I consider myself to have an ear well-trained in contemporary music, I listen with much pleasure and excitement to Xenakis, the radical Penderecki of the 1960s and early 1970s, Ligeti, Nono, Crumb and the likes – and sure, I can whistle the tunes of Schoenberg as if they were by Beethoven, and not just those from Transfigured Night. Yet some composers from the serial coterie leave me behind, I find no appeal in their music and it’s often been an ordeal to listen to their CDs to the end, and consequently I usually try to avoid them like the smallpox. Along with Milton Babbitt, Charles Wuorinen, and even the music of Elliott Carter oftentimes, past his early, Schoenberg-indebted period of the Orchestral Variations and Piano Sonata, Stefan Wolpe is one of those composers.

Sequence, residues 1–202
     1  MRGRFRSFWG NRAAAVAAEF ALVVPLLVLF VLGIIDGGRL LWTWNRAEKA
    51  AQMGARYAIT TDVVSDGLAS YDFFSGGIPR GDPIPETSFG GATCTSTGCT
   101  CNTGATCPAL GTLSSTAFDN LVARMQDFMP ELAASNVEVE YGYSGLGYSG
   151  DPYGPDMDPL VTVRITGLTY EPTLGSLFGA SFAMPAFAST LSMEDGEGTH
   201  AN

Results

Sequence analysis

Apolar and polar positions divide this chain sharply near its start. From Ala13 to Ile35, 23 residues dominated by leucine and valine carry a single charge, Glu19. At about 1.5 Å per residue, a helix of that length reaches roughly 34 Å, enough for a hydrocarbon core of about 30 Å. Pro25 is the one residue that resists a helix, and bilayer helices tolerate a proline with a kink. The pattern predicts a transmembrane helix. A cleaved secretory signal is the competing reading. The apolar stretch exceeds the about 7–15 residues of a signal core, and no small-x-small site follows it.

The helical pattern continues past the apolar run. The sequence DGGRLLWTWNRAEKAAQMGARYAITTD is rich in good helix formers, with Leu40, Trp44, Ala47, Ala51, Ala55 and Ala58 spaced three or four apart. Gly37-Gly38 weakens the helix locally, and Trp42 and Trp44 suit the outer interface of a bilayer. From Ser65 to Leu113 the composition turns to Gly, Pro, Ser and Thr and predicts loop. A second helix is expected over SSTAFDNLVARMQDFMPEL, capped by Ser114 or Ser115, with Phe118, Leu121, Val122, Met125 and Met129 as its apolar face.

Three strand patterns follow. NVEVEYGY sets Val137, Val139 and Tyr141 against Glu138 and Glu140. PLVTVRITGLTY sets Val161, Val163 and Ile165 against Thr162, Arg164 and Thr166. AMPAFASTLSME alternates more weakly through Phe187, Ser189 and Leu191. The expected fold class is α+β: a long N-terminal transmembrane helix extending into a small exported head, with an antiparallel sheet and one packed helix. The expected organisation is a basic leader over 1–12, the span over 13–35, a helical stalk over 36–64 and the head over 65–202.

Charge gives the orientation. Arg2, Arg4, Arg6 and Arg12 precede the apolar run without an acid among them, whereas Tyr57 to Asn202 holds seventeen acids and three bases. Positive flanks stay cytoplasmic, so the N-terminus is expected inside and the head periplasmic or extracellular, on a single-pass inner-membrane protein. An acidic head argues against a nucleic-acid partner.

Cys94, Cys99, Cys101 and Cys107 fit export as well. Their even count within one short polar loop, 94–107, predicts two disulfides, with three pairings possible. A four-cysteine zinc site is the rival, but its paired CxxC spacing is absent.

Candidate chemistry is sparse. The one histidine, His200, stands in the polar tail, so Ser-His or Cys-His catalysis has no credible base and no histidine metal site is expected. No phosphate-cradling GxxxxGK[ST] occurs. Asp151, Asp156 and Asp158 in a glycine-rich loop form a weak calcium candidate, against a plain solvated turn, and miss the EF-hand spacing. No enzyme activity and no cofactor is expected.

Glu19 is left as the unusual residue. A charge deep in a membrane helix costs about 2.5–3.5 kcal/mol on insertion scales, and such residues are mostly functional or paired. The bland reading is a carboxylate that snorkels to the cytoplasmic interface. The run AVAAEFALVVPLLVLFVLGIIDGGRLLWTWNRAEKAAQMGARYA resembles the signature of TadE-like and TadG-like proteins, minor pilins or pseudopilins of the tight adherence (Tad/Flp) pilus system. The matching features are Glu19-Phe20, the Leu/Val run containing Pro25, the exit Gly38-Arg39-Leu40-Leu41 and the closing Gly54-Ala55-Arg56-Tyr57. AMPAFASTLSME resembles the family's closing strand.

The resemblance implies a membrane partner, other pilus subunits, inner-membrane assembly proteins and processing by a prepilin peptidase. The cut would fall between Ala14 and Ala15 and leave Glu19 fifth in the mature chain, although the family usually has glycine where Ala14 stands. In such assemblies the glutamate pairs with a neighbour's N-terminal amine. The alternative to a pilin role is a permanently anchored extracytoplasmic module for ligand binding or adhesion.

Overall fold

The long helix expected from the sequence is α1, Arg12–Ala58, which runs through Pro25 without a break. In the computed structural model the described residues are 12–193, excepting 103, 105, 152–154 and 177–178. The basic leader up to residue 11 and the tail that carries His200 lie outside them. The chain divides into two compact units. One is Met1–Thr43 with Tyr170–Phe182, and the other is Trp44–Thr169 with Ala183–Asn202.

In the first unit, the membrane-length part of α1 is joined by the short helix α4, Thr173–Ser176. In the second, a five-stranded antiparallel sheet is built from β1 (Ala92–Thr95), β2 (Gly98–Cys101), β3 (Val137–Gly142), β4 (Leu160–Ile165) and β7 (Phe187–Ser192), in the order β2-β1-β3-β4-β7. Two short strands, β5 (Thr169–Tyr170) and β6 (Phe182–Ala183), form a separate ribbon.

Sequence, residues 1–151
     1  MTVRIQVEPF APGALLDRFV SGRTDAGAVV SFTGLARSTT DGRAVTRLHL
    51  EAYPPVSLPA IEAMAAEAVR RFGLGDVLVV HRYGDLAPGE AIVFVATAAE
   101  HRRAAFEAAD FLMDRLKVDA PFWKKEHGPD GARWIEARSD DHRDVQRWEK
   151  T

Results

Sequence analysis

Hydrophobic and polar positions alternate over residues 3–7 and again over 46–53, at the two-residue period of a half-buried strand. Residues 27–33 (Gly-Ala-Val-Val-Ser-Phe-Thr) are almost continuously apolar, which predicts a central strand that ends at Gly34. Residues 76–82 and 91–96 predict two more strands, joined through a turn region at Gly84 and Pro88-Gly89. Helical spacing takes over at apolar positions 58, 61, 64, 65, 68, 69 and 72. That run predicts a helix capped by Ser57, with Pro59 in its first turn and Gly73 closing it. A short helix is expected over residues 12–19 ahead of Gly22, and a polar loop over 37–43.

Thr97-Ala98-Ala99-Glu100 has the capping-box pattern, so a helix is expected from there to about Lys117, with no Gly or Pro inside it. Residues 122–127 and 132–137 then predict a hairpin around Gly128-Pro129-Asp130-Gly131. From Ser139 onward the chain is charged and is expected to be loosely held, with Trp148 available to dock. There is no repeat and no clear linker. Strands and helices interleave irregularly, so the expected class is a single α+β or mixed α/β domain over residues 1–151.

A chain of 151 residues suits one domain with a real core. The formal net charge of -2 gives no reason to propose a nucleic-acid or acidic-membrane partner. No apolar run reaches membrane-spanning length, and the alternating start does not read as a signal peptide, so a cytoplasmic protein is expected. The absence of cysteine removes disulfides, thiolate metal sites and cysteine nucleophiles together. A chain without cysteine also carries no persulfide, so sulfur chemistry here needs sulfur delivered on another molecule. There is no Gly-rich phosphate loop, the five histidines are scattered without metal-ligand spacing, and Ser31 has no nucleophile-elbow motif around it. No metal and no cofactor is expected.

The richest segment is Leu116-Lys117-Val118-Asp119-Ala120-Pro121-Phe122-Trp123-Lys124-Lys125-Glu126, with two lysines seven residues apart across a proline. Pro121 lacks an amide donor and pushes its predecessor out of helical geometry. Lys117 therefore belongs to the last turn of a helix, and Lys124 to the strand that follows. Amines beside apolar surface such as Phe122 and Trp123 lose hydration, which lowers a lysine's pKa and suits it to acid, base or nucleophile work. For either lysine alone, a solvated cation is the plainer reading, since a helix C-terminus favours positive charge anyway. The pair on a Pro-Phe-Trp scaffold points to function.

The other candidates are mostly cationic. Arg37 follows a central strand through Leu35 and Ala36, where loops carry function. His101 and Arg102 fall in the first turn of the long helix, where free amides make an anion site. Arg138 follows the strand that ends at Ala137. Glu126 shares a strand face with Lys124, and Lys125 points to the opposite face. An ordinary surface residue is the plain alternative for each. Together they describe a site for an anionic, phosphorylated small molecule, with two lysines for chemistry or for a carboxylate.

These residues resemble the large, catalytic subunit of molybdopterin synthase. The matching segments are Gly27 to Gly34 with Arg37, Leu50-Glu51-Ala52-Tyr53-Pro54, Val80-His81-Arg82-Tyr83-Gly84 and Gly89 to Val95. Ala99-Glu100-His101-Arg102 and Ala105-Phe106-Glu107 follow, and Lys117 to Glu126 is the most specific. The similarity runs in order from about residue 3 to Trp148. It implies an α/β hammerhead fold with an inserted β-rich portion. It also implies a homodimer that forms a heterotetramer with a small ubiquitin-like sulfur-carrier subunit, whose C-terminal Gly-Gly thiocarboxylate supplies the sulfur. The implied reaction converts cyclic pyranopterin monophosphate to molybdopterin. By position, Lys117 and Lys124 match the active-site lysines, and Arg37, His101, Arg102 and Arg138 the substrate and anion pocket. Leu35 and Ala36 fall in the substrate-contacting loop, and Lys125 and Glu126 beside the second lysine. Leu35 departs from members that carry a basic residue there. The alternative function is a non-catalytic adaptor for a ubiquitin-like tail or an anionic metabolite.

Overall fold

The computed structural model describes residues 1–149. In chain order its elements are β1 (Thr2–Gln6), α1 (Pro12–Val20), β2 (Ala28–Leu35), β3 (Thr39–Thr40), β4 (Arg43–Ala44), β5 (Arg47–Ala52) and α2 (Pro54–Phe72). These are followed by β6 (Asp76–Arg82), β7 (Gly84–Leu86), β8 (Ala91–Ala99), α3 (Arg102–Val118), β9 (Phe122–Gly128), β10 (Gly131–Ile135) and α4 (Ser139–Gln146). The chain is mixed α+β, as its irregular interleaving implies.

That said, every rule has its exceptions, and there are some pieces by all these composers that I’ve enjoyed. Wolpe’s Quartet for trumpet, tenor saxophone, percussion & piano, on Spectrum: New American Music. Works of Stefan Wolpe, Seymour Shifrin, George Rochberg, Milton Babbitt, Richard Wernick. The Contemporary Chamber Ensemble, Arthur Weisberg. Elektra Nonesuch 9 79222-2 (1990), with its reminiscences of and references to cabaret music, jazz, and the spoofs on military music composed in the 1920s by Schoenberg, Hindemith or Weill, is one of those pieces.